Good News Monday – More reasons to drink up!


As if I needed more reasons to maintain my caffeine habit, I was delighted to hear on the news this morning that my morning cup of Joe is doing more than protecting me from diabetes, it may also be doing other good things.

New research indicates that caffeine is able to interrupt a protein in skin cells damaged by UV rays, causing the cells to self-destruct and thereby offering some protection against skin cancer AND may help reduce cellulite. Hooray!  Let’s hear it for Joe!


However, the lead researcher cautioned that people shouldn’t increase their intake of caffeine, but said topical caffeine preparations may one day be created to help prevent skin cancer. Well, pooh on him.  But until the cream is available, I will continue my 10-cup a day habit. I may even try rinsing my hair in it, since there is evidence it may protect against hair loss.

Caffeine is clearly being heralded as “a new exciting product used in many topical creams both as an anti-inflammatory product as well as an anti-oxidant.” Dr. Melissa Babcock explains why caffeine is now finding itself one of the more pre-eminent ingredients in the cosmetic industry.

“First off, caffeine is best known for its ability to cause vasoconstriction (the ability to make blood vessels smaller) and therein to decrease redness in skin.” Dr. Babcock shares that, “for patients with rosacea, this can be a wonderful product.” However, she reminds us that “the effects are not long term so the product needs to be applied daily for best results.

In a recent study, coffee was declassified as a diuretic. Previously thought to contribute to fluid loss, coffee consumption has now been found to be no more effective as a diuretic than water.  Further, another doctor (Dr. Linder) found several studies “on the physiology of cellulite that support microvascular changes in cellulite-effected tissue.” WHAT?  WHY HAS NO ONE TOLD ME THIS?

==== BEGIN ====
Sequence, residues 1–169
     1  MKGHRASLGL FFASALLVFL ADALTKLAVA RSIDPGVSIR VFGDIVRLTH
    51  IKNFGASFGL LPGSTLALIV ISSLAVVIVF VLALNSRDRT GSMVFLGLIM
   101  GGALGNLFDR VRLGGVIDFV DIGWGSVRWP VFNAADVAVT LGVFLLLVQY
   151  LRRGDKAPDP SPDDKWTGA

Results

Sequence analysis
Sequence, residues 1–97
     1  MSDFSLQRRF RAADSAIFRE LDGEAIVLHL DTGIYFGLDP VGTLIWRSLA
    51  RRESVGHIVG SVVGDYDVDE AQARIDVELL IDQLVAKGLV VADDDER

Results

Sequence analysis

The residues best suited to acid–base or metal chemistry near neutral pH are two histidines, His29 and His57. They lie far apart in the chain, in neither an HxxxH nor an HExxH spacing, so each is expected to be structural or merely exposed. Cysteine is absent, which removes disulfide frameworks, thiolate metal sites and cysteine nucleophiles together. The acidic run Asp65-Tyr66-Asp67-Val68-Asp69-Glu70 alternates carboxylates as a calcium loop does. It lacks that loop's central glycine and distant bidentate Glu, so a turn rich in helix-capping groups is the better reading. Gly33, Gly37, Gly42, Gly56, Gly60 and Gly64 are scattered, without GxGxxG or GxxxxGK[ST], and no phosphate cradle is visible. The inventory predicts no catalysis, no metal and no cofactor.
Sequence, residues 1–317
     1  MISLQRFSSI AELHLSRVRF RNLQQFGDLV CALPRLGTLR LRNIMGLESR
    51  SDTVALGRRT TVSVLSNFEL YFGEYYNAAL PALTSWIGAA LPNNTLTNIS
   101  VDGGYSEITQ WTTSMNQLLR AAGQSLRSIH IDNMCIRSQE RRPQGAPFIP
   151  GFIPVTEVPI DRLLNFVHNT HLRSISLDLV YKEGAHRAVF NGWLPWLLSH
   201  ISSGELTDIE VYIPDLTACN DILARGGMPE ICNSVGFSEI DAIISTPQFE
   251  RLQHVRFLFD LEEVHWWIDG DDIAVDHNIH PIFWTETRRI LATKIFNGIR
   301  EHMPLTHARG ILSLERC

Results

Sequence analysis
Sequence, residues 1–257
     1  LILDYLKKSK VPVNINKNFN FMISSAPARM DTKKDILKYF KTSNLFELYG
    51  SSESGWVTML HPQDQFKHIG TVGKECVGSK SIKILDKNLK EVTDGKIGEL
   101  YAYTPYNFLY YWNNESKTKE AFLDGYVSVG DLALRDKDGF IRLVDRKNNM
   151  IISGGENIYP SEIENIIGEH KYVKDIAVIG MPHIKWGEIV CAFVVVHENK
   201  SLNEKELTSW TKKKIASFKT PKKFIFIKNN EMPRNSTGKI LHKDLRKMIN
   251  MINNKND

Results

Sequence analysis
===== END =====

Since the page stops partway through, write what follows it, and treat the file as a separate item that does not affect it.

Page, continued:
She is wary, though, that while “these studies show caffeine increasing microcirculation, topical products cannot typically penetrate the skin and devices like ultrasound may be needed for proper absorption.

Dr. Babcock also comments on the use of caffeine in hairloss remedies. She said caffeine has increased hair growth and prevented the negative effects of testosterone on hair growth in cultured hairs.”

Uh-oh.  I’d better scale back on my coffee ground facials if I don’t want to start shaving! No joke.  I’ve been slathering coffee grounds on my face for two years now and it really leaves and nice dewy feel to my skin.  My eyesight is getting bad – has anyone noticed a mustache?

Dr. Linder tentatively touts caffeine’s ability to spur hair growth in male pattern baldness. She mentions a Swiss company Alpecin, whose hair loss restoration products claim that caffeine causes increased hair growth. In support of Alpecin’s claim, Dr. Linder cited a study from the Department of Dermatology and Allergology, at the University of Jena, in Germany, that found that caffeine did seem to stimulate hair growth during in vitro testing. However, in an effort to be duly diligent regarding the long term benefits of caffeine for hairloss, Dr. Linder cautions that, while this is “a creative use of a ingredient to try to improve an often frustrating problem, I would need to see more data, clinical results and proof that their delivery vehicle insures the caffeine is absorbed before making a conclusion.”

Can Caffeine Permanently Turn back the Clock?

Ultimately, after reviewing the findings of many pre-eminent dermatologists and cosmeceutical experts, there clearly is not enough clinical data to definitively determine whether a product relied upon to wake us up in the morning can also have a lasting effect on the ravages of time?

(But look how long it took them to declare the simple aspirin a miracle drug.)

Dr. Babcock offers some sage advice to those looking for the fountain of youth in the bottom of their coffee cups.

“People should consider where they buy products with caffeine or other antioxidants. It is important to determine what the concentration of the active ingredients is. Cosmetic companies understand what ingredients are popular and try to include them in their products for advertising purposes. Sometimes the levels of active ingredients are so low that they are ineffective. Products sold in physicians offices many times have higher concentrations of active ingredients and are better made.”

So the caffeine controversy continues. Enjoy a cup of coffee with breakfast, and afterwards, appreciate that cellulite cream with caffeine, even if its benefits last only for the few hours you are on the beach.

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